What makes Far from Heaven such an exquisite, delicate little film isn’t just its colorful, ravishing look but its restrained melodrama from its actor and film’s script. Todd Haynes, who is known for such films as Safe, Velvet Goldmine, and the controversial Poison, makes a movie that isn’t just a lovely tribute to Douglas Sirk’s work but also makes them superior to some of today’s modern drama films. He brings in some trained, old school acting style back from the 1950s but with a modern humanistic tone that makes the characters entertaining and real at the same time. Haynes goes for elements of suspense and drama at its most heightened or just making it linear to the story. Especially in the film’s racial tension where it isn’t just the whites looking very discomforted but blacks as well as they too, don’t like the idea of this handsome, intelligent black man talking with this beautiful, charming white woman. It’s stories like that, that are so ahead of its time and Haynes takes it back in time and makes it look fresh.

The look of the film is just breathtaking thanks in large part to cinematographer Edward Lachman. Lachman’s use of color, lighting, and wide-angle shots are so divine, it leaves you breathless as if you’re back in the 1950s. His look is both rich and luscious in its tone and works in its dramatic setting, along with the production design from Mark Friedberg who places all sorts of details of 1957 Hartford from its cars and buildings, to the housings. The film’s art director Peter Rogness should be credited for the film’s colorful look, especially with its fall-like setting of colorful leaves and green grasses. Even the costumes by designer Sandy Powell is filled with life with the big dresses Julianne Moore wore to the more tightened, clothing Patricia Clarkson was wearing along with suits and tuxedos Dennis Quaid and Dennis Haysbert wore.

Another great element that brought suspense to the film was Elmer Bernstein’s orchestral score. From its subtle, heartfelt moments, Bernstein brings in a touch of light, smooth orchestral music that just worked while in the more intense dramatic moments, he just strikes with emotional power the way drama should work. At times, it makes your hair stand as if you’re watching a highly emotional scene with immense intensity.

The film’s performance is just top-notch from the smaller roles like the Whitaker’s children and townspeople including the cheery Mrs. Leacock and the lecherous gossip queen Mona Lauder. Even the more standout roles like James Rebhorn’s Dr. Bowman are played at a subdued, restrained tone which some aren’t used to seeing for those who know Rebhorn for playing asshole-like characters. Viola Davis’ role as the maid Sybil is noted just for its quiet tone as she strays away from the cliché of an African-American maid in the 1950s. Instead, Davis just plays the role from a more subdued, discipline role, as she knows what’s going on between Raymond and Cathy but isn’t saying anything although she isn’t pleased.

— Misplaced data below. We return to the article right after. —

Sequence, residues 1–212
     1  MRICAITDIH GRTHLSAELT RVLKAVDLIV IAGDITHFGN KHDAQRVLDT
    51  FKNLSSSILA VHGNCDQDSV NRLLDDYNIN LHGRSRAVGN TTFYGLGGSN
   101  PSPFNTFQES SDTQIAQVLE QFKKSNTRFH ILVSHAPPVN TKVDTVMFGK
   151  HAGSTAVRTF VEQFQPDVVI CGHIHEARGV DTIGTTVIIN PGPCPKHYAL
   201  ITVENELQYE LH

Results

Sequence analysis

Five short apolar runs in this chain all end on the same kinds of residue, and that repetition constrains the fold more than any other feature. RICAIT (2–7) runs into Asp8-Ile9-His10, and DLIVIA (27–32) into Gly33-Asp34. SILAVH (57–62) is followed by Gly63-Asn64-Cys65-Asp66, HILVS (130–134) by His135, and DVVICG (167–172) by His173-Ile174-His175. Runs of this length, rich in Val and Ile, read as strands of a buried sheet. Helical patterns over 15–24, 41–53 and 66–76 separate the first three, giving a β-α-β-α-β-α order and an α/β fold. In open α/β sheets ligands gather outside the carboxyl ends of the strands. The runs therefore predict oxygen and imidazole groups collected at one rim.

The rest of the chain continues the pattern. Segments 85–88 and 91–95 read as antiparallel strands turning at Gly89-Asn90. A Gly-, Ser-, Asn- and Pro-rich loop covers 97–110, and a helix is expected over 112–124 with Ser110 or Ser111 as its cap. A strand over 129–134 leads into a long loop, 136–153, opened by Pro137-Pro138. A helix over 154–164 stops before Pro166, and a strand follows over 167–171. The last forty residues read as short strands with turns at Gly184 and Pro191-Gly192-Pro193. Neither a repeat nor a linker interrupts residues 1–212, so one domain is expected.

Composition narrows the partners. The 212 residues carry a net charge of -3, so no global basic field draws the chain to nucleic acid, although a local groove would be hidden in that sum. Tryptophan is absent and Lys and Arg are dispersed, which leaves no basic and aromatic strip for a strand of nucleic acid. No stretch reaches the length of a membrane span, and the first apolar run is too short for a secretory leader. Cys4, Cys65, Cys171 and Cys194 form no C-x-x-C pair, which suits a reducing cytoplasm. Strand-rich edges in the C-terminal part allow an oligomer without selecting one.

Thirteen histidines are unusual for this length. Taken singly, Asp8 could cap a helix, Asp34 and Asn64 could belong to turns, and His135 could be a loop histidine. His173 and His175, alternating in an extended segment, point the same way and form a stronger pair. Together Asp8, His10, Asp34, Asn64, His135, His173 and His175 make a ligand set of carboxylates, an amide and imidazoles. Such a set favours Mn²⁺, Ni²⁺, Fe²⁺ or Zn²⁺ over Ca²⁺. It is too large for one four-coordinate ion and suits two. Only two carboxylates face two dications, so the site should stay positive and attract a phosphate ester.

The film’s best supporting performance overall goes to Patricia Clarkson as Moore’s best-friend Eleanor. Clarkson gives a raspy, cool tone to her performance as she plays the best friend without descending to other type of clichés where she is the one trying to help her and knowing where she shouldn’t be at. Clarkson is just enigmatic in both her delivery and grace. Dennis Haysbert is by far the film’s most impressive male performance as again, he strays away from stereotypes. Haysbert brings in a relaxed, wise tone to Raymond by just being this African-American character that knows where his place is although isn’t afraid to cross the world he isn’t supposed to be in. It’s the fearlessness that’s impressive as Haysbert proves to be more versatile with each performance and is understandably one of the most underrated actors around.

Dennis Quaid brings in his best performance to date as the tortured mess known as Frank Whitaker. At times, Quaid brings in restraint to his character when it’s needed while being shady in places he’s trying to hide in while breaks down in front of his children in the more dramatic performances. Quaid is just amazing in the way he reveals his internal conflict. Julianne Moore is the film’s best performance as she brings in both beauty and intelligence to her performance while trying not to act phony. She does play that 50s housewife trying to please her husband but she develops into a stronger woman who realize that images aren’t what they seem. It is definitely her most radiant performance of her career.